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NYguy
January 3rd, 2003, 07:37 AM
Daily News...

WTC occupants have first claim on offices

By PAUL H.B. SHIN

The landlord of the World Trade Center towers has promised his former tenants first dibs on space in offices that eventually will be built at Ground Zero, the Daily News has learned.

Larry Silverstein, who signed a 99-year lease for the twin towers in the summer of 2001, made the promise at an informal gathering of downtown redevelopment officials on Dec. 19, said Meyer Feig, who heads an association of former Trade Center tenants.

His members are eager to return, Feig said - despite lingering fears that the new space will be a target for terrorism.

"After having a such a disaster, everybody - including the government - will be overcautious. So I would feel safer being there more than anywhere else," said Om Baweja, 41, president of Honor Chem, a vitamin trading company that used to be on the 46th floor of the north tower.

Others were more cautious.

"If my employees feel comfortable, I would be willing to go back. But having lived through what we did, I want some assurances," said Kayvan Karoon, 37, of Karoon Capital Management, a financial management company that used to be on the 22nd floor of the north tower.

Silverstein could not be reached for comment yesterday, but his spokesman, Steve Solomon, did not refute the pledge.

Real estate experts said the offer is largely symbolic because it will be years before any office buildings are erected on the site. But experts also predict Silverstein's property again will become the world's most recognizable business address.

"Combined with all the new transportation that is planned, I think there will be a lot of demand," said Brad Gerla, senior managing director at Insignia/ESG, a commercial real estate company.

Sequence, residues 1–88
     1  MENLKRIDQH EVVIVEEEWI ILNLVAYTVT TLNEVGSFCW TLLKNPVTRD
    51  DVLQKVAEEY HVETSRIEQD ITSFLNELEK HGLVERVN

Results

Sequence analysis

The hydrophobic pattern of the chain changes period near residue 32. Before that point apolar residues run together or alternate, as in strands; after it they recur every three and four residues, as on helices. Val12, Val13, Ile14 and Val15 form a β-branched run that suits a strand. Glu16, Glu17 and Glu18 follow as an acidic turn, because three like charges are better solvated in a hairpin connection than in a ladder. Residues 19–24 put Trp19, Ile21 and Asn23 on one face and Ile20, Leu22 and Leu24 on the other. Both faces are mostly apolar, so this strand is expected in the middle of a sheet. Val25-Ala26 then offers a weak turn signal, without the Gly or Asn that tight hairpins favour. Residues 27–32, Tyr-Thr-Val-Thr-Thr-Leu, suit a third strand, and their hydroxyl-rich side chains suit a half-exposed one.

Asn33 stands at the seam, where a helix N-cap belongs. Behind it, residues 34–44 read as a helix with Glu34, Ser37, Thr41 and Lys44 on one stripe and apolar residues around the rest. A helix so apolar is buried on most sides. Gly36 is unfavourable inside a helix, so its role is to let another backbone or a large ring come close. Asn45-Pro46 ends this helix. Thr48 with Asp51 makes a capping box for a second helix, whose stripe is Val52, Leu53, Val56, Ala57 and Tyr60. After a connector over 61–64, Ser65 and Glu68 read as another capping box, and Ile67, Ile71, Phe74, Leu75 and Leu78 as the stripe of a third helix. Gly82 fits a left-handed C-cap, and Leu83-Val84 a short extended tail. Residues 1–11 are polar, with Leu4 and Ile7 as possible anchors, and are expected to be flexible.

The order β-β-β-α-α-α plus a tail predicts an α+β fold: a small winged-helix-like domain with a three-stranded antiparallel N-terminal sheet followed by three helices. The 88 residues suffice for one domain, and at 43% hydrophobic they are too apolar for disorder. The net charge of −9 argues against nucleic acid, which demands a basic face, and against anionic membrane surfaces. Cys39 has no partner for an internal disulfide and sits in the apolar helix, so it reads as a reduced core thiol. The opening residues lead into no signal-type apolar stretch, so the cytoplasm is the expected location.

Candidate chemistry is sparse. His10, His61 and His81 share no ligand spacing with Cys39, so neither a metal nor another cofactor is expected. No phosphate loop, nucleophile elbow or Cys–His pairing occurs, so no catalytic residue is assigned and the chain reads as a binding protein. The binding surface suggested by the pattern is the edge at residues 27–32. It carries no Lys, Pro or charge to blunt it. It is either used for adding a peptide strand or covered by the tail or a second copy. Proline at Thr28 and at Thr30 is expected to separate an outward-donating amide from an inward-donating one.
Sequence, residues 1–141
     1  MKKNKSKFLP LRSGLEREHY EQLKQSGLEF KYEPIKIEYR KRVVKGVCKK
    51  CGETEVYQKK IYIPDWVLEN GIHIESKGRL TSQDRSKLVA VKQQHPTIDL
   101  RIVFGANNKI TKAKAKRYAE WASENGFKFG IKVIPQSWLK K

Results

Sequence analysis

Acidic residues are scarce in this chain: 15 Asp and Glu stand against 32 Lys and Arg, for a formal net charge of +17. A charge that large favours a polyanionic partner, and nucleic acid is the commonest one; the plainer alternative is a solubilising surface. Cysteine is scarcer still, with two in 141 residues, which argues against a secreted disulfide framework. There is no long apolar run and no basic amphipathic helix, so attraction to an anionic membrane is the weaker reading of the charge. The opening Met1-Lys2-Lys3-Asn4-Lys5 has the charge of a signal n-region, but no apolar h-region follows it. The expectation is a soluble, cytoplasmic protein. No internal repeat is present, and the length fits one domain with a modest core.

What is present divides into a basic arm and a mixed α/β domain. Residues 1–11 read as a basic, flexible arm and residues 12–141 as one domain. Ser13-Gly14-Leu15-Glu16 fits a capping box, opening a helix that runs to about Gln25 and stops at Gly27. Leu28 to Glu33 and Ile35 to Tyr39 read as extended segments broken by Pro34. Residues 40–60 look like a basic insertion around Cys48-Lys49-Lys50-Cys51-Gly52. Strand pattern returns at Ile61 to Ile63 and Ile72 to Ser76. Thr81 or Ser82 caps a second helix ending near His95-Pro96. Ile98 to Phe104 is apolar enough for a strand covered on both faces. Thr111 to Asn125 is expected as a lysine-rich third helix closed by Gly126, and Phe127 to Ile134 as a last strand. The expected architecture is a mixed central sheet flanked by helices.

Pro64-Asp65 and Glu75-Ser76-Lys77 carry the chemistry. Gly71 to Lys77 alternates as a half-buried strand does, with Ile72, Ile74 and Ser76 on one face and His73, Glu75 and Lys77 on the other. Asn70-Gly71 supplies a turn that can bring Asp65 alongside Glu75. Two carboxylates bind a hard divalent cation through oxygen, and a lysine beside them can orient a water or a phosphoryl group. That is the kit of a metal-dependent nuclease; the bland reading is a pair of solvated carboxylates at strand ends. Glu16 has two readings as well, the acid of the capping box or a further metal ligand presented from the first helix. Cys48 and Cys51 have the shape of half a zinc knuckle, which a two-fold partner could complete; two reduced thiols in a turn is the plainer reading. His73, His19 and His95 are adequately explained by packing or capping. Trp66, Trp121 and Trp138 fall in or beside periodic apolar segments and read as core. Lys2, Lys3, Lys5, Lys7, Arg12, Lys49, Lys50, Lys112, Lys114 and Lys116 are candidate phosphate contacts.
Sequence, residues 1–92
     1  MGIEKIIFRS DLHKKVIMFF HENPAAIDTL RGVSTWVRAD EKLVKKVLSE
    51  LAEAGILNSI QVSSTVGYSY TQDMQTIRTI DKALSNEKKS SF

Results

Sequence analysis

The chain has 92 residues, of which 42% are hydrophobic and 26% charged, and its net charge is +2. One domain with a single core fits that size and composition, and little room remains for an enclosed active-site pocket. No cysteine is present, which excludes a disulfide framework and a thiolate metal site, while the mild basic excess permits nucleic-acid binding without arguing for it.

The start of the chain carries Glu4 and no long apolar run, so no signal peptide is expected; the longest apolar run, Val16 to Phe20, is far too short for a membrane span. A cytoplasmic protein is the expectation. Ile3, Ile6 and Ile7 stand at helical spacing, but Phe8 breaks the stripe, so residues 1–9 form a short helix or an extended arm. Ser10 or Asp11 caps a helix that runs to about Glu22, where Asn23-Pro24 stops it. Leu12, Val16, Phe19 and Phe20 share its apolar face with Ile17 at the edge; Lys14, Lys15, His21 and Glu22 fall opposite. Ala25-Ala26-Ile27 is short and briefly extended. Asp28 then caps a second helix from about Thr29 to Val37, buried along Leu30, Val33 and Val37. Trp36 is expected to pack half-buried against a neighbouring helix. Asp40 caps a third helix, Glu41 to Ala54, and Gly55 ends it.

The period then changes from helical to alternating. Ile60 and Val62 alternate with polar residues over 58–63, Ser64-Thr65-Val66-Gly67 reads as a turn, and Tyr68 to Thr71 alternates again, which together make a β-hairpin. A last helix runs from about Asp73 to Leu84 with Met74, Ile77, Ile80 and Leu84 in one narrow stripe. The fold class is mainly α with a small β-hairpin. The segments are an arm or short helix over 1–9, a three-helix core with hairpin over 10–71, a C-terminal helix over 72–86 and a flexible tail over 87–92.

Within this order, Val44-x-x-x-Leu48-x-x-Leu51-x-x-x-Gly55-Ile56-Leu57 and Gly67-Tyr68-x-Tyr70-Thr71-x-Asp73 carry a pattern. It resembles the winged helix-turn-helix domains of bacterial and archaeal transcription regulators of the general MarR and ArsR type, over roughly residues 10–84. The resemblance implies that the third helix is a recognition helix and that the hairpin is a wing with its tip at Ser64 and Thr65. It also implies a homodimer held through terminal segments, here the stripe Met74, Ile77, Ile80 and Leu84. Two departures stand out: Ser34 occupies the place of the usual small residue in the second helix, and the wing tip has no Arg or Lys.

Meanwhile, lower Manhattan planners will convene hearings on Jan. 13 and Jan. 14 at Pace University to gather public comment on nine new Ground Zero designs.

The meetings will be simulcast at the North Bronx Healthcare Network, the York College Performing Arts Center in Queens and the College of Staten Island. Sites in Brooklyn and Long Island are yet to be chosen.

The corporation and the Port Authority, which owns the site, will recommend a single master plan by Jan. 31.

Fabb
January 3rd, 2003, 08:12 AM
But experts also predict Silverstein's property again will become the world's most recognizable business address.


Of course.
And Silverstein won't need much advertissment in the first years of business...

NYguy
January 3rd, 2003, 05:06 PM
One thing I'm glad the article pointed out is that, with the new transportation infrastructure (trains, buses, improved subway), the WTC will become THE business address Downtown, if not in all of Manhattan. *The WTC will have a Grand Central and PA Bus Terminal all in one site...

dbhstockton
January 3rd, 2003, 05:59 PM
One thing I'm glad the article pointed out is that, with the new transportation infrastructure (trains, buses, improved subway), the WTC will become THE business address Downtown, if not in all of Manhattan. *The WTC will have a Grand Central and PA Bus Terminal all in one site... *